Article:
Chen Ziming, an activist branded as one of the “black hands” behind the 1989 pro-democracy uprising in Tiananmen Square, which was crushed by the Chinese government, died Oct. 21 at his home in Beijing. He was 62.
The cause was pancreatic cancer, according to Hong Kong’s South China Morning Post.
Mr. Chen, who was convicted of sedition in 1991, spent about 13 years behind bars or confined to his apartment. In response to economic pressure from the United States, Chinese authorities released him in 1994 but imprisoned him again in 1995 after he staged a 24-hour hunger strike commemorating Tiananmen. Suffering from testicular cancer and other illnesses, he was allowed to go home, under house arrest, in 1996.
Even after his sentence ended, the scholarly but impassioned Mr. Chen was under constant surveillance, he told interviewers. He published political commentaries under 30 pseudonyms. With permission from various government agencies, he started a Web site called “Reform and Construction,” but it was shut down, he said, for no apparent reason.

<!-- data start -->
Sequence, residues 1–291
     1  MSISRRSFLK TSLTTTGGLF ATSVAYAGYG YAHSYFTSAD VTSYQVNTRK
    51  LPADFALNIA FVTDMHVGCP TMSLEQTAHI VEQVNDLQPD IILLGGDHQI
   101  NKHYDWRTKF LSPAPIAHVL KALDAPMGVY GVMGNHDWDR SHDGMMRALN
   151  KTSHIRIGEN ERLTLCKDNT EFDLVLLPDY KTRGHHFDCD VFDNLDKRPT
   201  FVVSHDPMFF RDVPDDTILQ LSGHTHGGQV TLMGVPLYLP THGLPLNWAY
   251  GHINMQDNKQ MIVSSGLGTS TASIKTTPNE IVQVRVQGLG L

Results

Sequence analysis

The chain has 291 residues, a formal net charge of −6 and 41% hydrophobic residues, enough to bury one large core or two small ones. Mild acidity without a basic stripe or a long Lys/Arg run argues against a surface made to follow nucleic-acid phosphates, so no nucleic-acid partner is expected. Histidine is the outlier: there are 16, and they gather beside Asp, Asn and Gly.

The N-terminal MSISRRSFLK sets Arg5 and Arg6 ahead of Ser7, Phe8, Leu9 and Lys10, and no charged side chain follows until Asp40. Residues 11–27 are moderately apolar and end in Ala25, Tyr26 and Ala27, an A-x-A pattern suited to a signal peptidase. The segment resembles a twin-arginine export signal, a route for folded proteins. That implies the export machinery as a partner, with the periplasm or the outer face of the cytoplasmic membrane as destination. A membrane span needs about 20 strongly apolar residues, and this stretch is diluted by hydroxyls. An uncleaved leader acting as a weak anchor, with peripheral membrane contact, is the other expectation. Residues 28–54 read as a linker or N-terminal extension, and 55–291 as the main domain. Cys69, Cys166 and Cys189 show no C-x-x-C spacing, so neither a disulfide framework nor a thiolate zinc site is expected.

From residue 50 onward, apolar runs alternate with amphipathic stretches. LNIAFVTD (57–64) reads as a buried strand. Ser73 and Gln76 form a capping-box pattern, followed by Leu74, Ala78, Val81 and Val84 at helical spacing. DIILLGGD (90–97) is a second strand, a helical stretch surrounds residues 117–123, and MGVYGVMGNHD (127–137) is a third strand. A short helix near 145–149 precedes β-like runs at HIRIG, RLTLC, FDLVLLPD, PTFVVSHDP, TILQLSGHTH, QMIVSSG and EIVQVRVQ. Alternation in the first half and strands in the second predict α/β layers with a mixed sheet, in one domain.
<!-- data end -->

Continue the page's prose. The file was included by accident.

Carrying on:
“They just pull the plug on you because they can,” he told Radio Free Asia in 2006.
In the years before the Tiananmen Square massacre, Mr. Chen, a biochemist by training, was one of China’s most prominent social scientists. With his longtime colleague Wang Juntao, he founded an influential think tank, ran a dissident magazine called Beijing Spring, published the reform-minded Economics Weekly and started China’s first independent political surveys.
“No project worried the authorities more,” George Black and Robin Munro wrote in their 1993 history, “Black Hands of Beijing.” Funding came partly from U.S. organizations such as the Ford Foundation and the National Science Foundation. A finding that 72 percent of Chinese believed democracy to be the best form of government “provided explosive evidence of the country’s frustrated mood,” the authors wrote.